I would recommend that with fermented foods you start with something you enjoy, whether it is gherkins, kimchi, sauerkraut or kombucha. In all cases I would recommend trying small amounts and paying attention to how your body reacts. I would then recommend trying a wide variety of live, unpasteurised fermented foods.

I think that the easiest introduction to making fermented foods is sauerkraut. It is simple and does not need much in the form of ingredients or utensils to get going. It’s great as you can control how tangy it gets and what ingredients go into it. It is a powerhouse of goodness for not very much outlay and effort.

That said, sauerkraut is not always everyone’s cup of tea. So sometimes Kombucha, a sweetened fermented tea is a good gateway into fermented foods and maybe try that first. I think that Kombucha was the first fermented food that we tried. Again, we had to get used to drinking it and had it in small quantities to begin with but we loved it!

What plans do you have for the future of Wild Pickle?

Wild Pickle is moving to online workshops. It’s exciting to be able to reach out and share the fermenting fun with many more people than I could reach locally. The workshops are teaching sauerkraut, kimchi, kombucha, milk kefir, condiments, salsas and looking at incorporating more wild foraged foods.

I’m starting with smaller workshops (less than 10 people) in order to give all attendees focused attention. In addition to the workshops I also teach groups of friends who are keen to host a kombucha/sauerkraut making virtual party. Plus, I’m also offering bespoke and tailored one to one sessions which will really explore the flavours that you particularly enjoy.

We have a small commercial test kitchen based on a farm in the heart of Staffordshire countryside. We’re also busy creating a workshop there which will provide additional teaching space, but given the current environment that will be ready in 2021.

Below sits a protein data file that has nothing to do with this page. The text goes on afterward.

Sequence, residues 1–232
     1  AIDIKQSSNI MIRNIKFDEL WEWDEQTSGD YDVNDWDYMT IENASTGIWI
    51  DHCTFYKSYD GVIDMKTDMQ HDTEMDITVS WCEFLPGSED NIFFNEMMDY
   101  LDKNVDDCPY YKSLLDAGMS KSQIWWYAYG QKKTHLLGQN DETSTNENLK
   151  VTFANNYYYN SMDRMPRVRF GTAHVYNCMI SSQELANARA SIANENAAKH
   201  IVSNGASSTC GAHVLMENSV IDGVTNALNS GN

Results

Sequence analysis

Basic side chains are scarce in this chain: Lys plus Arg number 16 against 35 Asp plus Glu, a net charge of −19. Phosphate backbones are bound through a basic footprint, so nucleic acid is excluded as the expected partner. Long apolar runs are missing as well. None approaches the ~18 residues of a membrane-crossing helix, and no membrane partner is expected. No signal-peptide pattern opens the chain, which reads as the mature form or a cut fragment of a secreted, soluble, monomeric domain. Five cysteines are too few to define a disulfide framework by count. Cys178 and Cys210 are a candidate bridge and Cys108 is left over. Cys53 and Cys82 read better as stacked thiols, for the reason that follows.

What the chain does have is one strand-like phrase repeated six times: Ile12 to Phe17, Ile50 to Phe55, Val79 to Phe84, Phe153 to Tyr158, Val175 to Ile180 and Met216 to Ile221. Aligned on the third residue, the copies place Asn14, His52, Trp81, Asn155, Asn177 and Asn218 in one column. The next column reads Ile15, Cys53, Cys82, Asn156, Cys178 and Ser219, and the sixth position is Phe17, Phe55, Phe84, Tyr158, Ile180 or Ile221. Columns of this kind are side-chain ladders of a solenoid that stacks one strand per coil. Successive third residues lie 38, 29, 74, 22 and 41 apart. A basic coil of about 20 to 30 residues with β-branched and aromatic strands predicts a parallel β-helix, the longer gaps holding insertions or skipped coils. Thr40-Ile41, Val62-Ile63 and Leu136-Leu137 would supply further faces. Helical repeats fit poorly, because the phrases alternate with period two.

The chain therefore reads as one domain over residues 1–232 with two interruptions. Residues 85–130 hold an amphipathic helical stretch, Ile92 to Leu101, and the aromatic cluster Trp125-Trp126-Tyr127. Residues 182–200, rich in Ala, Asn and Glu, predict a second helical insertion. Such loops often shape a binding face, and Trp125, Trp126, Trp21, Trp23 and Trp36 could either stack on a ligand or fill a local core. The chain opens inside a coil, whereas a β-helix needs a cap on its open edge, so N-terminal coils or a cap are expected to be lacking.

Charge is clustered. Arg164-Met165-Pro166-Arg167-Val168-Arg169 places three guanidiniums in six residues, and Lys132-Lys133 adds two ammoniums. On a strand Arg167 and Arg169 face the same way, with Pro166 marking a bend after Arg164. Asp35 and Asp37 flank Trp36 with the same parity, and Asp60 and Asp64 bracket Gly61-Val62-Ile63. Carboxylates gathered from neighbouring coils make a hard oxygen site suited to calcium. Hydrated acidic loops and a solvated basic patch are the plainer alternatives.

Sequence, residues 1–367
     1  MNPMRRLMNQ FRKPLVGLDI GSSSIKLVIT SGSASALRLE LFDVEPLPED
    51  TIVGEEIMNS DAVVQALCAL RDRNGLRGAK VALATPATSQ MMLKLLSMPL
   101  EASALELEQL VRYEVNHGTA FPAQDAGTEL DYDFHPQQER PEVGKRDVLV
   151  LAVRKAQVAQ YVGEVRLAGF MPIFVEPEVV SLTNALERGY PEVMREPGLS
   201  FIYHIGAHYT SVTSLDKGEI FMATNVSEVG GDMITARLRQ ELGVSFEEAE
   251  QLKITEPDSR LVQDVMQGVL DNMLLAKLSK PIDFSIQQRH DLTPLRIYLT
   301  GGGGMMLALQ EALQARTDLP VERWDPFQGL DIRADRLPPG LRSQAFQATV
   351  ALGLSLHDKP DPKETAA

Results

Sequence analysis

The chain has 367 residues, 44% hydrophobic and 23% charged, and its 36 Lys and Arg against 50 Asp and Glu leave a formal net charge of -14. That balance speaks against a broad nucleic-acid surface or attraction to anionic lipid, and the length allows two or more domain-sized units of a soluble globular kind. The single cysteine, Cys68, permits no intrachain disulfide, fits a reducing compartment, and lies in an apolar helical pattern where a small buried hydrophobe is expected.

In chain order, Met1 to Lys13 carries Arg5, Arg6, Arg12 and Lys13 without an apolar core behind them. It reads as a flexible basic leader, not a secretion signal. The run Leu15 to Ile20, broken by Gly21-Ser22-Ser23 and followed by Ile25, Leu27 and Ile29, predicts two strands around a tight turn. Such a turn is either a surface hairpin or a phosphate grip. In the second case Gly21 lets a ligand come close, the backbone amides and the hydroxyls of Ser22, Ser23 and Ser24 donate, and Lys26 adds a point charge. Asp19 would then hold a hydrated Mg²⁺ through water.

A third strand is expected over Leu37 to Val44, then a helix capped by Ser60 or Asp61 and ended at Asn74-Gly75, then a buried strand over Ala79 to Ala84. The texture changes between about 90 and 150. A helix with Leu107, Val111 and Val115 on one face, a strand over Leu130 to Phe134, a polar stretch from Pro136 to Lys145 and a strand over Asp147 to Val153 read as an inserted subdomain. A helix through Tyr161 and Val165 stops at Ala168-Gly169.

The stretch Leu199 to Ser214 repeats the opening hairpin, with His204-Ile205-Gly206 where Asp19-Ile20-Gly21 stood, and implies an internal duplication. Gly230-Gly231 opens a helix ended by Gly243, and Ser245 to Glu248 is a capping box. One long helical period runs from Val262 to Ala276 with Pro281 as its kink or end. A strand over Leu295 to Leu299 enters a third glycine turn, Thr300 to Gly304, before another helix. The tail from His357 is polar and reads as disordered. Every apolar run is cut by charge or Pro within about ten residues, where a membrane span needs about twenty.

Fermentation is an increasingly important part of supporting our gut health and immunity. But let’s not forget the other roles that it fills. It’s a tool to help in minimising waste, it focuses our attention to use what we have available, it helps us to get away from the use of plastic, it preserves seasonal food at its best, and makes it easier to store food without the relying on refrigeration.

Fermentation of food creates such complex and amazing flavours that cannot be achieved by other means. What’s incredible is that you can easily make this at home with no fancy equipment. It’s too exciting and too delicious not to share!

How can people get in touch with you?

I’m on both Facebook https://www.facebook.com/WildPickle/ and Instagram https://www.instagram.com/wild.pickle/ or you can email me at info@wildpickle.co.uk

What is Health Coaching?

Let’s be clear, when I was growing up in the 70s Health Coaching didn’t exist. Little kids did not say that they wanted to be a Health Coach when they grew up. For the record I had aspirations to be a spy… But I found myself drawn to the world of health and wellness as a result of managing chronic health conditions both for myself and my children. The regular GP route with referral to individual specialists didn’t work for us. We were all still ill.